Trauma (A complete guide)

What is trauma?

Trauma is the experience of serious psychological distress following any awful or perilous life event.

Sufferers may display extreme behaviors like extraordinary nervousness, anger, bitterness, survivor’s guilt, or PTSD.

They may experience issues with sleep and can even have psychosomatic symptoms in which the victim feels physical, bodily pain.

Additionally, they can have disruptions in their personal and professional relationships and feel a reduced sense of self-esteem because of the staggering amount of stress they feel.

It is common for trauma survivors to feel overwhelmed, however there are many resources and medical therapies available to help learn coping methods to process the inciting event and reduce its psychological impact.

Past research on trauma shows there are a few solid methods for adapting and coping in a healthy way. 

Examples include abstaining from alcohol and drugs, receiving lots of support from family and friends, exercising, sleeping, and overall focusing on a healthy lifestyle and self-care. 

Types of Trauma

Trauma is characterized by the experience of the survivor.

However, scientists and clinicians have tried to categorize trauma into two different levels.

Extensively depicted, they can be described as big ‘T’ traumas or little ‘t’ traumas. 

Big “T” traumas are more likely to be associated with post-traumatic stress disorder (PTSD) and are unprecedented encounters that evoke extreme pain or powerlessness.

Examples of big “T” traumas could be serious physcial or sexual violence, a natural disaster, or any other life-threatening event.

A person can experience trauma even under the threat of extreme injury, even though the victim is not physically harmed.

Big “T” trauma can also include chronic stressors such as war or growing up in an abusive childhood home.

Experiencing one large “T” trauma is often enough to interfere with emotional well-being and daily functioning.

These types of traumas are significantly more damaging and need long term therapy and support to treat. However, there are still basic coping mechanisms survivors can use during everyday life. 

For example, individuals can avoid triggers mentioned previously, such as drugs and alcohol. They can focus on getting enough sleep and leading a healthy lifestyle.

It is necessary that big “T” trauma survivors seek long term professional help and support. 

Little ‘t’ traumas are more personal and unique to the individual. They are highly distressing to the individual, but do not meet the criteria of a big “T” trauma.

Little “t” traumas are usually not associated with PTSD and do not involve life-threatening events. Little “t” traumas involve events that disrupt a person’s daily functioning.

Examples include bullying, death of a pet, the end of a relationship or monetary difficulties.

These events are still identified as traumatic, however victims will have an easier time recovering from them compared to a large ‘T’ trauma. 

Medical trauma is also a type of trauma one experiences when going through pain or surgery.

What is emotional and psychological trauma?

Emotional and psychological trauma is the consequence of an extreme event in which the build-up of stress overwhelms the person’s ability to cope.

Psychological trauma can leave the victim battling with upsetting feelings, flashbacks, and nervousness that won’t go away.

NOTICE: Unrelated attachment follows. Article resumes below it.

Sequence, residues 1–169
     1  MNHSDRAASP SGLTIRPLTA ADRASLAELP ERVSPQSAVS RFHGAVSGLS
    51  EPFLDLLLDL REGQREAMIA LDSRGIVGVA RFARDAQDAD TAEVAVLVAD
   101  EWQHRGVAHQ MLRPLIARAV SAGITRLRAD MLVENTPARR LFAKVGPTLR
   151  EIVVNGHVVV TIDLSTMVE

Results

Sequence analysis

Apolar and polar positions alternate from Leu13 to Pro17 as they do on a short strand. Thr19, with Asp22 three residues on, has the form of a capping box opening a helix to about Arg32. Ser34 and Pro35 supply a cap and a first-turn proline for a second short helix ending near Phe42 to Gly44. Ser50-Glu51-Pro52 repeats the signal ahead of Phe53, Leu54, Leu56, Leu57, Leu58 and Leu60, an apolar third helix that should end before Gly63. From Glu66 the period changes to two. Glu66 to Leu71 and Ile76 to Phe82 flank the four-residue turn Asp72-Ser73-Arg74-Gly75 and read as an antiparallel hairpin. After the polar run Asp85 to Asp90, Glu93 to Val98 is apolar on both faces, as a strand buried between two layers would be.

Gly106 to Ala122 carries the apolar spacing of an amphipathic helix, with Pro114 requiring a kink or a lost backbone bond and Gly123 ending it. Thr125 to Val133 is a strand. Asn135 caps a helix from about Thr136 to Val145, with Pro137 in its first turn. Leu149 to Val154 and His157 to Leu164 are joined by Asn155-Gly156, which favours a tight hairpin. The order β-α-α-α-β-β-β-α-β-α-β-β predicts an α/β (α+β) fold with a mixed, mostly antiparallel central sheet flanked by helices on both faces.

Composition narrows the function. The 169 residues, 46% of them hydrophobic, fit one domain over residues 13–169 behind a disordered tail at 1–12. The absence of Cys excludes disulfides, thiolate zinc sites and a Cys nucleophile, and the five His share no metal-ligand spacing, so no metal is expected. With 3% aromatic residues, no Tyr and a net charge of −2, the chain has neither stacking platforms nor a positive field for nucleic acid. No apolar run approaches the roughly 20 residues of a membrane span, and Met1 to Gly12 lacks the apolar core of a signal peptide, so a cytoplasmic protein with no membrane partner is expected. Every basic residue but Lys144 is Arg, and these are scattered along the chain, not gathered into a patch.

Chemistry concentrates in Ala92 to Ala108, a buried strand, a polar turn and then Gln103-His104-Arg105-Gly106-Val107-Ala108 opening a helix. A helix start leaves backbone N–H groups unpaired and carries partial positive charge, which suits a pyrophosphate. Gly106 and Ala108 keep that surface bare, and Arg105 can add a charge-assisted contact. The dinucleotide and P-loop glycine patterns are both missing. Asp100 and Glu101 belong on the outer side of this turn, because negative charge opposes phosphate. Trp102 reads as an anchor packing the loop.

It can make the person feel numb, distanced from their friends and loved ones, and give the sense of being alone and incapable of confiding in others. 

Traumatic encounters frequently include a risk to life or wellbeing, yet any circumstance that leaves a person feeling overpowered and separated can cause trauma, regardless of whether it includes physical harm.

Trauma is not defined by objective parameters but by subjective feelings unique to the individual.

The more startled and vulnerable a person feels, the more likely that person will be traumatized.

Emotional and psychological trauma can be brought about by:

One time occasions, for example, a car accident or natural disaster. 

Ongoing stressful situations, for example, living in a violent home, or being diagnosed with an ongoing, chronic disease. 

There are many normal life experiences that can cause trauma, for instance, the unexpected passing of a loved one, the separation of an important relationship, or monetary problems like bankruptcy. 

Even those who are indirectly exposed to a specific traumatic event can be affected by trauma.

It is common for paramedics, cops, and firefighters to experience psychological stress because the nature of their work is to respond and help those in stressful or dangerous situations.

Coping with trauma on the scale of a natural or manmade disaster presents its own unique challenges.

While the majority of the population will most likely never be involved in an extreme tragedy like a plane crash, or mass terminating for instance, due to the nature of social media, the public is often bombarded with pictures and social media posts of those who are affected. 

Viewing these images repeatedly can cause overwhelming stress and a person can experience second-hand trauma.

There are many types and reasons why someone can experience trauma, and whether it happened years ago or yesterday, everyone can be helped.

With the proper supportive treatment and care, everyone has the ability to heal and move forward with their lives.

Symptoms of emotional and psychological trauma

Emotional & psychological symptoms:

·      Shock, denial, or disbelief

·      Confusion, difficulty concentrating

·      Anger, irritability, mood swings

·      Anxiety and fear

·      Guilt, shame, self-blame

·      Withdrawing from others

·      Feeling sad or hopeless

·      Feeling disconnected or numb

Physical symptoms:

·      Insomnia or nightmares

·      Fatigue

·      Being startled easily

·      Difficulty concentrating

·      Racing heartbeat

·      Edginess and agitation

·      Aches and pains

·      Muscle tension

Effects of Childhood Trauma on Adults